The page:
August 2023
Volume 23, Issue 9
Open Access
Vision Sciences Society Annual Meeting Abstract  |   August 2023
Cardinal viewpoints of 3D objects predicted by 2D optical flow model
Author Affiliations & Notes
  • Emma E.M. Stewart
    Justus-Liebig University Giessen, Germany
  • Roland W. Fleming
    Justus-Liebig University Giessen, Germany
    Center for Mind, Brain and Behavior, Universities of Marburg and Giessen, Germany
  • Alexander C. Schütz
    University of Marburg, Germany
    Center for Mind, Brain and Behavior, Universities of Marburg and Giessen, Germany
  • Footnotes
    Acknowledgements  This project was supported by the Deutsche Forschungsgemeinschaft, through project numbers 460533638 and 222641018–SFB/TRR-135 TP C1, and by the Research Cluster “The Adaptive Mind”, funded by the Hessian Ministry for Higher Education, Research, Science, and the Arts.
Journal of Vision August 2023, Vol.23, 4724. doi:
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    • Get Citation

      Emma E.M. Stewart, Roland W. Fleming, Alexander C. Schütz; Cardinal viewpoints of 3D objects predicted by 2D optical flow model. Journal of Vision 2023;23(9):4724.

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      © ARVO (1962-2015); The Authors (2016-present)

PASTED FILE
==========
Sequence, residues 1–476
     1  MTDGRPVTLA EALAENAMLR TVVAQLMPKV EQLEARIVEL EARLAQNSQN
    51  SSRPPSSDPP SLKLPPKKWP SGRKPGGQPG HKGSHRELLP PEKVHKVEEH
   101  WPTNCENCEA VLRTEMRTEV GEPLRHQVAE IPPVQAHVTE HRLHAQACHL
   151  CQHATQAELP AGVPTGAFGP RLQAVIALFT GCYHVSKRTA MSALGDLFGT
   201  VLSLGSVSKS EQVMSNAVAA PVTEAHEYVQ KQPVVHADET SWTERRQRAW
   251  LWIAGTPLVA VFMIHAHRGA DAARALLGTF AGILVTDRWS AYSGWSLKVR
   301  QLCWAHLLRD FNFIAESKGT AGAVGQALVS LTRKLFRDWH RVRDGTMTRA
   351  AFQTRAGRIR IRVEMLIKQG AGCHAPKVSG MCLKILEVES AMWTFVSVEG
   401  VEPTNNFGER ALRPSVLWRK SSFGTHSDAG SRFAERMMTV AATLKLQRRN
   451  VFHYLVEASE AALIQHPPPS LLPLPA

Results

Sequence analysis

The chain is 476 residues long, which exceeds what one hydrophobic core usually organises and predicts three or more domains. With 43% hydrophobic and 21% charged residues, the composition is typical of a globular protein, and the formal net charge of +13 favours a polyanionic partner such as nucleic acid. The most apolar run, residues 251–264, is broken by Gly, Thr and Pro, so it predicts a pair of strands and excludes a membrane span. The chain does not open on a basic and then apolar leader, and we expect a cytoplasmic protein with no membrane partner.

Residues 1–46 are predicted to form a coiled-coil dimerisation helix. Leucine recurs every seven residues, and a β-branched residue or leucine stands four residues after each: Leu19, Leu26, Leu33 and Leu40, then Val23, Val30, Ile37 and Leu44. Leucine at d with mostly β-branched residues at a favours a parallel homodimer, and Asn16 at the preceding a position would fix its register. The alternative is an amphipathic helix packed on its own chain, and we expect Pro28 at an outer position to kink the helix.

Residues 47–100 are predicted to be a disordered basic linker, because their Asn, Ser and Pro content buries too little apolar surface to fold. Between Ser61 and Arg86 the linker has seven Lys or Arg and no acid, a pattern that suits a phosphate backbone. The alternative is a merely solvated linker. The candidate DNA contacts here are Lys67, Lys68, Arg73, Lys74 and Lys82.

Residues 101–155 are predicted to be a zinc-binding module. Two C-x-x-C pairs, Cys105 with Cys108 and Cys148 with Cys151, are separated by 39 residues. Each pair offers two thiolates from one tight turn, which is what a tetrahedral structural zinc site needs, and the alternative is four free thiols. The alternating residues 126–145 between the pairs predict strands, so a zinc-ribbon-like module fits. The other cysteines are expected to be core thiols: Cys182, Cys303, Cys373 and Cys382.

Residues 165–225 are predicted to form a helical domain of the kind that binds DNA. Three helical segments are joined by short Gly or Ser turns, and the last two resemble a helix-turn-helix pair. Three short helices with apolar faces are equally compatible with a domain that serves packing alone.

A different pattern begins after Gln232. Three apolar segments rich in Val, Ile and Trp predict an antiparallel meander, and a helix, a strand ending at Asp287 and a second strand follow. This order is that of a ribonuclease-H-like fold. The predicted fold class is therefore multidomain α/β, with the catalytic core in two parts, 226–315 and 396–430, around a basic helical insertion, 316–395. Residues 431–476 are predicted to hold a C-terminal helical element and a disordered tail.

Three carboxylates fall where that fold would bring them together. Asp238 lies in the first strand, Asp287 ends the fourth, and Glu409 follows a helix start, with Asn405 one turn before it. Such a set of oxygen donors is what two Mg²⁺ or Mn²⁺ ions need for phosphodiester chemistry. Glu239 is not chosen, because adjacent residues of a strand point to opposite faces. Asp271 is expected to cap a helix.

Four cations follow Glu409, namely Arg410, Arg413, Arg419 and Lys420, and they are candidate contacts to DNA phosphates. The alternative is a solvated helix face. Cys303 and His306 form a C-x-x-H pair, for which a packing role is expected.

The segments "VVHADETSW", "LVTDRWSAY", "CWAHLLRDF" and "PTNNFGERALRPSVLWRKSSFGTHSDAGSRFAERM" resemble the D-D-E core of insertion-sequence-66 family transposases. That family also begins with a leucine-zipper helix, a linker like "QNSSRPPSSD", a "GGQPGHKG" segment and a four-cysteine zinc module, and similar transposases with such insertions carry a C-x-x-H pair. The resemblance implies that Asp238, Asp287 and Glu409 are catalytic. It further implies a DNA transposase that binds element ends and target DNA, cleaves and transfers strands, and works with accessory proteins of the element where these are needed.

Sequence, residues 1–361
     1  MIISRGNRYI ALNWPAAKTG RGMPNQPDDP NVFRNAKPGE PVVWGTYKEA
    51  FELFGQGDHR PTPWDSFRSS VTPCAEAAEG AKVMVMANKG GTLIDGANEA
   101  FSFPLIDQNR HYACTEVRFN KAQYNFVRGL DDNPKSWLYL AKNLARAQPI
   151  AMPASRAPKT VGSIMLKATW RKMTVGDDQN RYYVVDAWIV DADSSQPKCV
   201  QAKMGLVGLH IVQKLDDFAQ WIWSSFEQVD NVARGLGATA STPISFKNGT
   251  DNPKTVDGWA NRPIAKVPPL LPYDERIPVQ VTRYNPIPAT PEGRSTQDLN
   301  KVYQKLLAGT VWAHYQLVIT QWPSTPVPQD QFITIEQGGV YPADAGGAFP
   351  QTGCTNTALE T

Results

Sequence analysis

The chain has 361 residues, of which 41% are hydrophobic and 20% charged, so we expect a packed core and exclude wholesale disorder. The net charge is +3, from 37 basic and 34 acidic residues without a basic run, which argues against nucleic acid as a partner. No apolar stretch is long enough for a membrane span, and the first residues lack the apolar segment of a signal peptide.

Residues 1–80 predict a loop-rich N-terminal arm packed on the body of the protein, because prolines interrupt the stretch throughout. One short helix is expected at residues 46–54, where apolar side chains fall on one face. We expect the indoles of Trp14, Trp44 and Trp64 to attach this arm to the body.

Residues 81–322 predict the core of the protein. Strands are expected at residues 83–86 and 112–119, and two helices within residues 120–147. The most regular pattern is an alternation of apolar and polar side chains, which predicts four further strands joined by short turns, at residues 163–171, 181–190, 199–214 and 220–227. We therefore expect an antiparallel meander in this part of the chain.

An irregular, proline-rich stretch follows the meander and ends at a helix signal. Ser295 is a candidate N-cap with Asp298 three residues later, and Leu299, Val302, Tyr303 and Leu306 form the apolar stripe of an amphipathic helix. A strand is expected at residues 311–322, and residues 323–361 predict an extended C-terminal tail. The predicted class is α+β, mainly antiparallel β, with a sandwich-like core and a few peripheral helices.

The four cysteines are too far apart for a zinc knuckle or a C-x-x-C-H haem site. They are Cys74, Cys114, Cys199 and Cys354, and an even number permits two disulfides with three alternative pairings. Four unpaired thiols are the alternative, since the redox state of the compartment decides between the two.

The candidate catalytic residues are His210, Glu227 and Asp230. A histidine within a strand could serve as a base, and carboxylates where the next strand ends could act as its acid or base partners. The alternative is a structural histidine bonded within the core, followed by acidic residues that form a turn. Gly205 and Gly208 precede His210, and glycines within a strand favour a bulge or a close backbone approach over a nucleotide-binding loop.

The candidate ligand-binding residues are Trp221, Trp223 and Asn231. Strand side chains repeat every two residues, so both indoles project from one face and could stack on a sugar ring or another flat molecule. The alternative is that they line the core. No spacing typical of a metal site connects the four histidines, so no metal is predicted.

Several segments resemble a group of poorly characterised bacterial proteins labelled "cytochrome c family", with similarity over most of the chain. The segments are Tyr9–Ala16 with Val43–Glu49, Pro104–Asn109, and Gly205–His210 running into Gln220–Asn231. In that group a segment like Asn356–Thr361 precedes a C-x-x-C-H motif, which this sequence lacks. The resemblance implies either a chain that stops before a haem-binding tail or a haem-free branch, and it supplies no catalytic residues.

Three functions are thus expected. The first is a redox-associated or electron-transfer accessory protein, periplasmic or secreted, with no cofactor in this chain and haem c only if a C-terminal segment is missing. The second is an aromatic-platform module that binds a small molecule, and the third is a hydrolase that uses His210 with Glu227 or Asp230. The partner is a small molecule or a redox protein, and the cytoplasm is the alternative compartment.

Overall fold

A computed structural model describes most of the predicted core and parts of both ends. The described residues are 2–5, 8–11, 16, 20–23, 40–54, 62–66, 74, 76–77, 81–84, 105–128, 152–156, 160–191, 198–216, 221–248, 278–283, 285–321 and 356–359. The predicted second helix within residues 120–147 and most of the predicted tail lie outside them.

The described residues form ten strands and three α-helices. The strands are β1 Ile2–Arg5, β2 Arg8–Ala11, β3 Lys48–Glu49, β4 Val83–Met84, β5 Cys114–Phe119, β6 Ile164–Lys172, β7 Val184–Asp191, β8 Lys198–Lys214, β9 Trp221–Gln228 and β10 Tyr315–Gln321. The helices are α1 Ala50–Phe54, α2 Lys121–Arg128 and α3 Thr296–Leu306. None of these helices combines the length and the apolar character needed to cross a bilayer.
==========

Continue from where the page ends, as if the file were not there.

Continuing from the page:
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Humans have the remarkable ability to determine which viewpoints of 3D objects are qualitatively distinct or special. Seeing an object from such viewpoints can benefit object recognition and recall. In particular, the front, back and side views—sometimes referred to as cardinal viewpoints—are often particularly informative, yet there is a lack of formal, quantitative models to predict which viewpoints are qualitatively distinct and explain what makes them special. Here we compared human discrimination judgements to predictions from a 2D optical-flow model to predict cardinal viewpoints of 3D objects. We tested human discrimination performance at cardinal (front, back) and non-cardinal viewpoints of 35 familiar objects. Participants were shown a base (cardinal or non-cardinal) viewpoint alongside a rotated viewpoint (0, 5, 10, 15 degrees), and indicated whether the two views were the same or different. For n = 100 participants, we found a marked benefit in viewpoint discrimination when the base viewpoint was cardinal, with some variability between objects. We reasoned that a 2D optical-flow model that can predict human viewpoint dissimilarity judgements (Stewart et al, 2022) may also explain the variability in this data. We found that the model could explain human discrimination performance, and could differentiate cardinal from non-cardinal viewpoints. To verify that these findings generalize to non-familiar objects—for which recognizable indicators of the front and back (e.g., face, tail) are absent—we created 10 novel 3D objects, and participants (n = 50) indicated the “front” viewpoint. The model could predict which viewpoints were most likely to be chosen as the front, even with unfamiliar objects. This study shows that a 2D model can predict the cardinal viewpoints of a 3D object, and explain variance in human viewpoint discrimination performance at cardinal and non-cardinal viewpoints. This provides a quantitative method to define qualitatively special viewpoints of 3D objects.


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